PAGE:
Monday, October 06, 2008


This weekend I was thinking about where inspiration for my projects comes from. I can be inspired by many different things to create something, and sometimes the idea just takes off and takes on a life of its own.

Memories of the Titanic is one of those inspirations - the first time I saw the movie I caught a glimpse of a pattern on the floor. Right at that point I decided to make a quilt inspired by that little flash of blue and white. When I got home I tried to sketch it out, but was not satisfied that I had the design correct, so next time I saw the movie, I was able to confirm that I was on the right track.

At that point I recognized a familiarity to the design, and incorporated it into a storm at sea pattern that would be on point. I sketched out my center design, pieced a block, then started looking for fabrics. I had previously done a group project using storm at sea with scrappy blocks, so new I wanted my fabrics to be scrappy and all blue with a white background. I found a tone on tone white with swirls that was perfect for the background. It took a while to draft out the edge pieces as this was on point, but I wanted to square it off for a plain white border to add some quilting to.

When I looked at the quilt now I decided that it was nice, but needed one more border to draw the eye out to the edge of the quilt, and I didn't want a plain fabric border. Playing with the Snail's Trail block, I came out with a wave pattern, and drafted this out to circle the outside edge of the quilt. For this block I chose to use a designated set of fabrics to bring out the wave effect the best.

At this point I realized that the center block was not the best choice for the center, it was just too plain. Of course, this was my inspiration block to start out with - I didn't want to take it out, but it just wasn't working. After some drawing and thinking I decided to replace it with a compass.
The top declared itself done, and the quilting commenced. I used warm and bright batting to keep the flawless white of the background as white as possible. Quilting the compass and storm at sea blocks was easy, but when I came to the white border I was stumped. I had lots of ideas, but it seemd the drawing skills for the designs I envisioned were quite out of my league (and I was hand quiting it). After setting the project aside yet again for a period of time I developed a swirled motif to quilt in the border, and pushed myself to finish the project for a quilt show. I was very pleased to win Best of Show for this quilt in 2005, then to have it juried into the Denver National Quilt show.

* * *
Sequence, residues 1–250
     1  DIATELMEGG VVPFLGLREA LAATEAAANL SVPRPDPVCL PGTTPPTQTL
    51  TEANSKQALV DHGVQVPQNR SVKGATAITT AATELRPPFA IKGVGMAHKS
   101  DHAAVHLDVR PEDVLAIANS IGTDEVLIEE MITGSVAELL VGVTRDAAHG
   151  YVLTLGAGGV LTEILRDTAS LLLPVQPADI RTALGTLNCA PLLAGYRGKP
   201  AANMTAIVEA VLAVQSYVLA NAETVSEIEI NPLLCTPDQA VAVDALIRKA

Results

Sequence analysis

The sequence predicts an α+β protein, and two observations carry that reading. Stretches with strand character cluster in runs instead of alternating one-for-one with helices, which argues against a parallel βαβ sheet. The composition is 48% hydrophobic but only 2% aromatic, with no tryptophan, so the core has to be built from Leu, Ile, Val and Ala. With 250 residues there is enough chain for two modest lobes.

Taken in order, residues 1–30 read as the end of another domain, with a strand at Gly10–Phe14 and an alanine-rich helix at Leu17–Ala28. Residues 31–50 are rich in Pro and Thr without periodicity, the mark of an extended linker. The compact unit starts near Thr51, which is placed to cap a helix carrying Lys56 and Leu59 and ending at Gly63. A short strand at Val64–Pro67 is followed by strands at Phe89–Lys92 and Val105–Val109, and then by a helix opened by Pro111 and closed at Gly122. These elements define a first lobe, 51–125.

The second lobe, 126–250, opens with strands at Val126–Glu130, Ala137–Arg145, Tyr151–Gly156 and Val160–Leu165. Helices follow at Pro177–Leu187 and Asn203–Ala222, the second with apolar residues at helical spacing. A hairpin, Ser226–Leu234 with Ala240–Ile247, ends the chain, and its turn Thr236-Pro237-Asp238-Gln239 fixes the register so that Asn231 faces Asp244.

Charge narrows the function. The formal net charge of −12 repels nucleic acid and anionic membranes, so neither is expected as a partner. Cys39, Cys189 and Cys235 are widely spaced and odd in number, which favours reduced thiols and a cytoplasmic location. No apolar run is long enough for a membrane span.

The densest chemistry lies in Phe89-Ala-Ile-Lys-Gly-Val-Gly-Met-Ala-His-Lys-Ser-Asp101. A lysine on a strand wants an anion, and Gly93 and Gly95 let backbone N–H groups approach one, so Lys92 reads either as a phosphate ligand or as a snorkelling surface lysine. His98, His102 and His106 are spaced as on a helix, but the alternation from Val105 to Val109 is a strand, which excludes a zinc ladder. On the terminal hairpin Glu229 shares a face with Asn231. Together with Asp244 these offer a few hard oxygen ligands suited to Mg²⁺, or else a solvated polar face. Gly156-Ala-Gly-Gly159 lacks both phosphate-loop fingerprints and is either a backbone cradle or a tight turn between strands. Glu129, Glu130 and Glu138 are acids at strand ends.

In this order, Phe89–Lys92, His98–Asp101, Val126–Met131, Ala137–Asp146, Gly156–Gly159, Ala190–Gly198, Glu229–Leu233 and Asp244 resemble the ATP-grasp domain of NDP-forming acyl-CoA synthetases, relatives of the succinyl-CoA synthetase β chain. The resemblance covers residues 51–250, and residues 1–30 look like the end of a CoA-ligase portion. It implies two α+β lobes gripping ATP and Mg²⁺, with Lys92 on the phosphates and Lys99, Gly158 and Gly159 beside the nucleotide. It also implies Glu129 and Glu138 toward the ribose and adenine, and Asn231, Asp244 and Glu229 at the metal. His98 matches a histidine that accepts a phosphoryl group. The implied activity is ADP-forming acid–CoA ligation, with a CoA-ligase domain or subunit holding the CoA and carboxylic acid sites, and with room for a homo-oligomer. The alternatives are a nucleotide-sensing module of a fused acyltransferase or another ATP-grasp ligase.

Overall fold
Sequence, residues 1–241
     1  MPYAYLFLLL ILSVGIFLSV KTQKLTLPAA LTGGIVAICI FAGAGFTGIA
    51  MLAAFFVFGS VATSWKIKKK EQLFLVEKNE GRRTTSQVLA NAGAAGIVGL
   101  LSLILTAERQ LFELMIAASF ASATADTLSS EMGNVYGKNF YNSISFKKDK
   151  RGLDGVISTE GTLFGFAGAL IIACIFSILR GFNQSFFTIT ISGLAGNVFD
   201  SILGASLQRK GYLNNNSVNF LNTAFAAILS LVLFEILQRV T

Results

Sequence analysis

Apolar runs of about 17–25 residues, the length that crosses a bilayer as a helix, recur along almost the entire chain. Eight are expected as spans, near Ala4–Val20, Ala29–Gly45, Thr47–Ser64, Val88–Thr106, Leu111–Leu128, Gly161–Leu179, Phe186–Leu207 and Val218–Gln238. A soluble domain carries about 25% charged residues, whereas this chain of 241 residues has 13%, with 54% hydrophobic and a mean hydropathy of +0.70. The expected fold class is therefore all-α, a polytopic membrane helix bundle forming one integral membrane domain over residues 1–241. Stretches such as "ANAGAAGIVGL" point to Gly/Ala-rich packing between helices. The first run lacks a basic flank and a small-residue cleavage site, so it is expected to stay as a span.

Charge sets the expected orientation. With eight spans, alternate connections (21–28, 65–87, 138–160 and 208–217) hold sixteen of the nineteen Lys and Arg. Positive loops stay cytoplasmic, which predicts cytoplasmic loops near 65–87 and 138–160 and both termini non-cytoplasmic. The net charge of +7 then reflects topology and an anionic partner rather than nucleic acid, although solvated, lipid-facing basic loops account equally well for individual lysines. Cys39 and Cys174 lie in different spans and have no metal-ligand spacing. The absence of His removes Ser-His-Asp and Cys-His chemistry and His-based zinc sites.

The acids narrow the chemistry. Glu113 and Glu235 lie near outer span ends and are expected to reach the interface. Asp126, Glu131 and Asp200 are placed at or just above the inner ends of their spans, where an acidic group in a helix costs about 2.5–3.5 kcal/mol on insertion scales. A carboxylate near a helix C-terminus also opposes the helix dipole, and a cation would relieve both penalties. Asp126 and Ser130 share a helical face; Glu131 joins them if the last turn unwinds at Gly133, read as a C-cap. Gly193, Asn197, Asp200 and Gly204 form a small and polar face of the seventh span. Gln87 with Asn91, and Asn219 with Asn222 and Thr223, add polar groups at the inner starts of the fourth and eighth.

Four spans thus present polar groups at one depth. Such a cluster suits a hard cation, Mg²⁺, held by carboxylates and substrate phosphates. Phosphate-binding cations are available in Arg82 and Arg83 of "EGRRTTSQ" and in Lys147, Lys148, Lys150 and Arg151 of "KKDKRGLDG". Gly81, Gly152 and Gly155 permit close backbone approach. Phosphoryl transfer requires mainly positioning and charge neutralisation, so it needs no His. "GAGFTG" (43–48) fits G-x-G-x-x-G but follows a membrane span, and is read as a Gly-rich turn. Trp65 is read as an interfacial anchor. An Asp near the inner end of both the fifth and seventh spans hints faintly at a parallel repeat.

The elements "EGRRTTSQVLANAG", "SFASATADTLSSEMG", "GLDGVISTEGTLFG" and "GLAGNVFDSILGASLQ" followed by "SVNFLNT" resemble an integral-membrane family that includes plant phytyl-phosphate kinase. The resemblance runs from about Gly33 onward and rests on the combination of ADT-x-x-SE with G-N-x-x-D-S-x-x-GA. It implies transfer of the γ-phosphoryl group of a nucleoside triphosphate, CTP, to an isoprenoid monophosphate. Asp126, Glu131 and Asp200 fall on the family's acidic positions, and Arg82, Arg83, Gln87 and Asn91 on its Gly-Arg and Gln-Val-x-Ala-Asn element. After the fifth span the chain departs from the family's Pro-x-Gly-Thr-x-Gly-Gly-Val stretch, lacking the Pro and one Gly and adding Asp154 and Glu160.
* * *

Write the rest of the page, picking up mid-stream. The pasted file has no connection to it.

Then, there is my lastest quilt - Northen Lights, Free-form Bargello. This was totally inspired by the fabrics - Glacier Lights by McKenna Ryan. Sharan asked me to come up with a sample using these fabrics and I was thrilled to work with them. At first I was thinking of a blended log cabin quilt, but in my head popped the idea of making and Aurora Borealis picture using Bargello. I was familiar with the technique, though I had never actually make a Bargello quilt, so I simply started designing on the fly - cutting and sewing strips as I went, taking notes, and the results were exactly what I was thinking of when I started. We are offering this as a kit at the shop, and hopefully I will refine the pattern to work with other fabrics as well!

Lastly, this set of postcards was inspired by a beautiful sunset. The colors were so lovely that I though it would be fun to capture them in a set of postcards. I thoroughly enjoyed the whole project, and they will always make me think of that perfect summer sky!


FabricFascination said...

I am generally inspired by the fabric itself, the colors mostly. If I can't picture the colors going well together, in say, a bag, I have trouble starting the project.

I love batiks, scrap quilts, especially with some white, lots of depth.

I also like a clear idea of the design I'm going to make. Lots of contrast excites me, something a little off beat, and usually asymmetrical.

Lastly, I like to know the purpose of the finished product, is it to dress a wall? be a playmat for a baby? be worn as a jacket? Practical is key.

Anonymous said...

It's wonderful that inspiration can come from so many places!

pchickki said...

Beautiful Pamela!